The world is likely to build so many fossil-fuelled power stations, energy-guzzling factories and inefficient buildings in the next five years that it will become impossible to hold global warming to safe levels, and the last chance of combating dangerous climate change will be "lost for ever".

A nuclear war that could escalate to the point of incinerating the planet would only happen through a failure of judgment and protocols. But the catastrophic heating of the planet through the greenhouse effect is the normal operation of our fossil-fuel addicted society. The economic growth that is the goal of most nations requires this ever increasing pollution of our global atmosphere. Commenting on last year's huge jump in CO2 levels, a leading researcher said, "From an emissions standpoint, the global financial crisis seems to be over."

We all know that there can be no winners in a nuclear war, but the trends that produce a comparable level of destruction through climate change are considered good economic news. We have to turn around Sittler's anxious words: "The stuff is really there to incinerate the earth -- and the certainty that we will stop using them is not there."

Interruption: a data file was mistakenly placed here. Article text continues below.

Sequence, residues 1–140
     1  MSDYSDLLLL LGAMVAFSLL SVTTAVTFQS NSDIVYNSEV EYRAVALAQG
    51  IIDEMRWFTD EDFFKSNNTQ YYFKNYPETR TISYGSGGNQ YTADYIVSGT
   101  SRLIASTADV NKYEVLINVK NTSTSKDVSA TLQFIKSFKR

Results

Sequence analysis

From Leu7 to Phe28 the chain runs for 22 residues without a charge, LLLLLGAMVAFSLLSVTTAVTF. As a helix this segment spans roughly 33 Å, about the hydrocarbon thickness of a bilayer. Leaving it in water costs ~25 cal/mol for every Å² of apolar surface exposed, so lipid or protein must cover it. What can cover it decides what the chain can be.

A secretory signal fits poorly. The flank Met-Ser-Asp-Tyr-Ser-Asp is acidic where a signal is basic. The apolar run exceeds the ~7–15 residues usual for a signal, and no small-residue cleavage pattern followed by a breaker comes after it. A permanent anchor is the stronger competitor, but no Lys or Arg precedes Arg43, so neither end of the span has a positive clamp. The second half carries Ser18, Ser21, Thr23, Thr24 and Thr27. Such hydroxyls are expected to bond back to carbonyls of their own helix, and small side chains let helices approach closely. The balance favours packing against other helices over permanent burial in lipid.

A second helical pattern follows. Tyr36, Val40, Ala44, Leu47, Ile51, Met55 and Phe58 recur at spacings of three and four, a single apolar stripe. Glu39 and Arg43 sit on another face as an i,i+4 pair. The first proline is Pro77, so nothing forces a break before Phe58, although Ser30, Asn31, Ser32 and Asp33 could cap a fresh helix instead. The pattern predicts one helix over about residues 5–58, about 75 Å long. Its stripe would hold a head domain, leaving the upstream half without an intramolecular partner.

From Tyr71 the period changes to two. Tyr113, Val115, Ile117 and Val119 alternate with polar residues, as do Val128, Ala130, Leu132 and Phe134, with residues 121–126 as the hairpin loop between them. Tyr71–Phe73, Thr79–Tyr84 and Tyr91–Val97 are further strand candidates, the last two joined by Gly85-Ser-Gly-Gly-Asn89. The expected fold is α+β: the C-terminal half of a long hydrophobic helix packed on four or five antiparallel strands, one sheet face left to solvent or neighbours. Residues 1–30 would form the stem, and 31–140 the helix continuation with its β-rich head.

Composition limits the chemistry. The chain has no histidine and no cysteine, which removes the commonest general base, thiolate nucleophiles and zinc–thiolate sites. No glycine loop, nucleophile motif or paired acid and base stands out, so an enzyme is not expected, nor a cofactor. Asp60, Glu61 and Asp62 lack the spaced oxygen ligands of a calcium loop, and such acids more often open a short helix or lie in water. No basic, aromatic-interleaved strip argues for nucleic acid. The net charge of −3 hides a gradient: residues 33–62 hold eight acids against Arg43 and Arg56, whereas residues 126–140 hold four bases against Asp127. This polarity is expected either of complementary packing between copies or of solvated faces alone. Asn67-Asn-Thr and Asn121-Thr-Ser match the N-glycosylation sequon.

We have avoided nuclear war by never taking the most dangerous actions. We have realized that such an extreme level of war does not work. To minimize global heading, though, we must stop doing what we are doing now. We must change our definitions of self-interest and "winning" -- and we must do so right now.

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The world's ecological crisis calls for a comprehensive transformation of our global society. The gradual incineration of the planet cannot be considered "business as usual." That transformation will need to happen -- very quickly -- in many different ways: political, economic, moral, religious and cultural. International agreements will be an essential piece of that change.